The family of a woman who died following a delay in diagnosis of bowel cancer has been awarded compensation.
The woman, known only as Ms N, had been diagnosed with ulcerative colitis, a form of inflammatory bowel disease, as a teenager in 1987. She had regular check-ups under the care of her GP, who treated her with steroids.
By 2000, there was widespread knowledge that patients who had suffered from inflammatory bowel disease for more than eight years were at increased risk of developing bowel cancer and that a colonscopy, a test that allows doctor to look at the inner lining of the intestine, was the only method of screening and surveillance.
It was recommended that a colonoscopy should be performed 8-10 years after first diagnosis of inflammatory bowel disease. This guidance was formalised in the 2002 Guidelines published by the British Society of Gastroenterologists.
However, despite this guidance Ms N’s records show that she was not referred for a colonoscopy.
In April 2003, Ms N complained to her GP of painful defecation and bleeding. Her GP performed a flexible sigmoidoscopy, which examined the lining of the lower part of the colon only.
Her disease remained active over the next few years which resulted in unusual bowel symptoms and fatigue.
Her GP continued to review her with flexible sigmoidoscopy and prescribed ferrous sulphate tablets, enemas and steroids.
In March 2008, Ms N attended the GP surgery complaining of unusual bowel symptoms and fatigue. Her GP sent her for pathology tests. Two results were marked “abnormal, contact patient” but there was no follow up.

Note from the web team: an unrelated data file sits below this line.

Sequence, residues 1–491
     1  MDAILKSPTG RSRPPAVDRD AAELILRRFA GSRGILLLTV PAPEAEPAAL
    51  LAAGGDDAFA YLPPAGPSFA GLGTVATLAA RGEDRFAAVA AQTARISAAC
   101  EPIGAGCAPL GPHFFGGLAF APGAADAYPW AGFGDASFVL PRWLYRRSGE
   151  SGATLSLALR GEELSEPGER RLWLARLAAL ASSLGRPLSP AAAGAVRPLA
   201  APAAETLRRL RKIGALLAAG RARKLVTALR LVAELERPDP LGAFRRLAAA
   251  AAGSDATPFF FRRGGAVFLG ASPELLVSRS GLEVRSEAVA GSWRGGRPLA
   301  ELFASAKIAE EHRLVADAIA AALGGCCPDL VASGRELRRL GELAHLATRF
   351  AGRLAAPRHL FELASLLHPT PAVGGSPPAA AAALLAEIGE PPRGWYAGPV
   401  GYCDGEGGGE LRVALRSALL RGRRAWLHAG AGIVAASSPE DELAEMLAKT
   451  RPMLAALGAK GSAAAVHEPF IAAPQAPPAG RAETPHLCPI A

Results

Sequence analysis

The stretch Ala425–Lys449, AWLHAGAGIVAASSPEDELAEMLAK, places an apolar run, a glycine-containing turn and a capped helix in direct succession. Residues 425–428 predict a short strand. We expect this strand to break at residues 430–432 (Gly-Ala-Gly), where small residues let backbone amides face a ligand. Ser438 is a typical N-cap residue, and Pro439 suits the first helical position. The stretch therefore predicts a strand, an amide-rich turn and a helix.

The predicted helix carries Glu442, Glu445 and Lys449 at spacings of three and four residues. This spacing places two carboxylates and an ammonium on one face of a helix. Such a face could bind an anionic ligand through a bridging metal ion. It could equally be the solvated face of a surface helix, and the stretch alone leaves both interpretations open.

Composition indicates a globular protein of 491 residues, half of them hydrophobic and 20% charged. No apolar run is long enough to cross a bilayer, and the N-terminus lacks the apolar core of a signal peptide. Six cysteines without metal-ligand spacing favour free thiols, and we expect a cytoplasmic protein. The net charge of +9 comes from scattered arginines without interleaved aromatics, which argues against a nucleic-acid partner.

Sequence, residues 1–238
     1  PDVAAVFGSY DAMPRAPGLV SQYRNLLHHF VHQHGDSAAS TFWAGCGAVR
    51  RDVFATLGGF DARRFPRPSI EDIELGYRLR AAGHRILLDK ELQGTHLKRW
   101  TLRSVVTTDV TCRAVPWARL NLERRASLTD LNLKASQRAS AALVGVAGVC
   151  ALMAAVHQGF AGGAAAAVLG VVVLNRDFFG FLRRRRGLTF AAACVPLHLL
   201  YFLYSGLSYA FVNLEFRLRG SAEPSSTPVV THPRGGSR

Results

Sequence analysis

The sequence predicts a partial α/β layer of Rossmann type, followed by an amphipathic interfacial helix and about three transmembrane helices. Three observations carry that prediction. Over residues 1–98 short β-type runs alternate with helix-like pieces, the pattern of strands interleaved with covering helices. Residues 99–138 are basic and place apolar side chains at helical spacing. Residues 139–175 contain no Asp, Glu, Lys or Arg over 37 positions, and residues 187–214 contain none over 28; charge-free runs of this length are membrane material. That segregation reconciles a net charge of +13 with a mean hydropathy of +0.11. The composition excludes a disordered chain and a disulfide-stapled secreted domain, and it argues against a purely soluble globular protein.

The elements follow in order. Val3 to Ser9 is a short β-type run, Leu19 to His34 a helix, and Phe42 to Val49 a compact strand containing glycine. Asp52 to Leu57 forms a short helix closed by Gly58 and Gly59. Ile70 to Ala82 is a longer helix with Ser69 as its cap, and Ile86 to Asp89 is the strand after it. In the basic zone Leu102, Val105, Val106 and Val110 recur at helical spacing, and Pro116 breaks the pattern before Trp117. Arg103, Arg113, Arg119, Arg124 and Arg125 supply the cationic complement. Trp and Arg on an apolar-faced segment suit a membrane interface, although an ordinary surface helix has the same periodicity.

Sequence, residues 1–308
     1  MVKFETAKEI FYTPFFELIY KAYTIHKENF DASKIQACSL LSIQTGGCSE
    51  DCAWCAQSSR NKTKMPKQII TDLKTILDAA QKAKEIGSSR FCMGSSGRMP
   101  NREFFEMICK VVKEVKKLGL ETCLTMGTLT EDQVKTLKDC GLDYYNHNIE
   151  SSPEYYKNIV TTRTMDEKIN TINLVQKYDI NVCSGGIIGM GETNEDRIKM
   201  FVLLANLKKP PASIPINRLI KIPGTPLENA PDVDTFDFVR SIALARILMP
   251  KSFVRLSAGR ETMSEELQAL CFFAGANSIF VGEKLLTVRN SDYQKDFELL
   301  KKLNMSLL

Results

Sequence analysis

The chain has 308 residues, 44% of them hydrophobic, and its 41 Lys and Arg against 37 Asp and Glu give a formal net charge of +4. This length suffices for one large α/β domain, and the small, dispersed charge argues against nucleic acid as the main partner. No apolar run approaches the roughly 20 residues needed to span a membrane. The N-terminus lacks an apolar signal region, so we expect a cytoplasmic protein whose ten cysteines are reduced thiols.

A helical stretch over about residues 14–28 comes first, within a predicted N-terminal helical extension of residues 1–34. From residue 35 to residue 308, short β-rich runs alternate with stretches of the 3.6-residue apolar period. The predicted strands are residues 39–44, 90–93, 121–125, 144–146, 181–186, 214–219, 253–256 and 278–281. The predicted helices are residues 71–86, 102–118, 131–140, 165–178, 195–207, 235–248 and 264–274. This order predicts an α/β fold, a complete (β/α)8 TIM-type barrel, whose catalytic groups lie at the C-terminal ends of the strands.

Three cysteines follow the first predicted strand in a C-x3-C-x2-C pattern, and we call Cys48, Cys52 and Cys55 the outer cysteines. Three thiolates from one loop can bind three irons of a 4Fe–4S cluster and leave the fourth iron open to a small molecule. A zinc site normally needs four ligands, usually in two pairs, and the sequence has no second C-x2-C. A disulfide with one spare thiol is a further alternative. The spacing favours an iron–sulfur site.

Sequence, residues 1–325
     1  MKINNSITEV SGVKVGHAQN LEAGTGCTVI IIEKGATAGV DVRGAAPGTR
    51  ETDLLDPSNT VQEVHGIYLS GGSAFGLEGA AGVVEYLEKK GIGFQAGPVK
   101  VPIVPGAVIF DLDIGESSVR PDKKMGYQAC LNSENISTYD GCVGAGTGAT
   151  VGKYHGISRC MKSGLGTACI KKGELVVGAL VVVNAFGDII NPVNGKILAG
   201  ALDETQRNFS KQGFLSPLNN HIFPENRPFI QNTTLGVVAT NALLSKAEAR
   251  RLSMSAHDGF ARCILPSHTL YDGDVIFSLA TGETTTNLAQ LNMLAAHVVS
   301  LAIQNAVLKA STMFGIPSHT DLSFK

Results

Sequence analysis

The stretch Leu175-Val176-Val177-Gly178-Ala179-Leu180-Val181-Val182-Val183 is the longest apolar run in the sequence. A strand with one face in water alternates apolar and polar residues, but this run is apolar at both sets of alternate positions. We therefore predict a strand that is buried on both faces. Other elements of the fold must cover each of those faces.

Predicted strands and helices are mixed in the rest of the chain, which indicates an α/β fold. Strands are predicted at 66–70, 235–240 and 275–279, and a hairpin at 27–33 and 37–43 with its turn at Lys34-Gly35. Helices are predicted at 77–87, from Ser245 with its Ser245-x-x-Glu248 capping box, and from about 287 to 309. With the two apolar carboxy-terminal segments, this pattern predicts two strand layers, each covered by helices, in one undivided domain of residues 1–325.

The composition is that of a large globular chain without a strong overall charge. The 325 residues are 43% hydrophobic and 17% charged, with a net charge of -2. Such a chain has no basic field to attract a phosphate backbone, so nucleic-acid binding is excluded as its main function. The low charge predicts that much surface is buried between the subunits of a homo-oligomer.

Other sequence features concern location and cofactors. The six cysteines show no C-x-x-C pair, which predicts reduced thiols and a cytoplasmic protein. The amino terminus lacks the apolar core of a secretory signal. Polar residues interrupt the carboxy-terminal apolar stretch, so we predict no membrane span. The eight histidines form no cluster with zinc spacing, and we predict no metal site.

Over the following months, Ms N attended hospital four times with abdominal pain, diarrhoea, nausea and vomiting. On each occasion she was told that she was suffering from a flare up of ulcerative colitis, treated and discharged.
In February 2009 Ms N attended A&E, reporting that she was experiencing agonising abdominal pain and vomiting, and was admitted to hospital.
Ms N underwent a full colonoscopy for the first time in March 2009, which revealed a large mass. A CT scan was performed which confirmed that Ms N had a cancerous tumour in the colon which had already spread to the liver. She was advised that she had probably been suffering cancer for a long time, that it was aggressive and inoperable.
Ms N had chemotherapy to prolong her life expectancy. She reacted badly to this, experiencing severe nausea. Her tumour began to obstruct her bowel, which required surgery to insert a colonic stent.
Her condition deteriorated over December 2009 and she died on 11 January 2010 at the age of 43.
She obtained independent medical expert evidence which supported the claim that if Ms N’s GP had referred her for a colonoscopy at any time up to 2005, pre-cancerous lesions would have been detected, she would have been treated and would have survived with an an excellent prognosis.
She would have been able to continue working and enjoying her active lifestyle.
Ms N left two teenage daughters who were dependent on her income. Although the GP denied all liability, the claim settled for a substantial six-figure sum.
Angharad Vaughan, from the medical negligence team at Leigh Day said: “This was a tragic case. Our expert’s advice would suggest that Ms N’s early death and immense suffering towards the end of her life could have been prevented had her GP simply followed national guidelines and referred her for cancer surveillance.”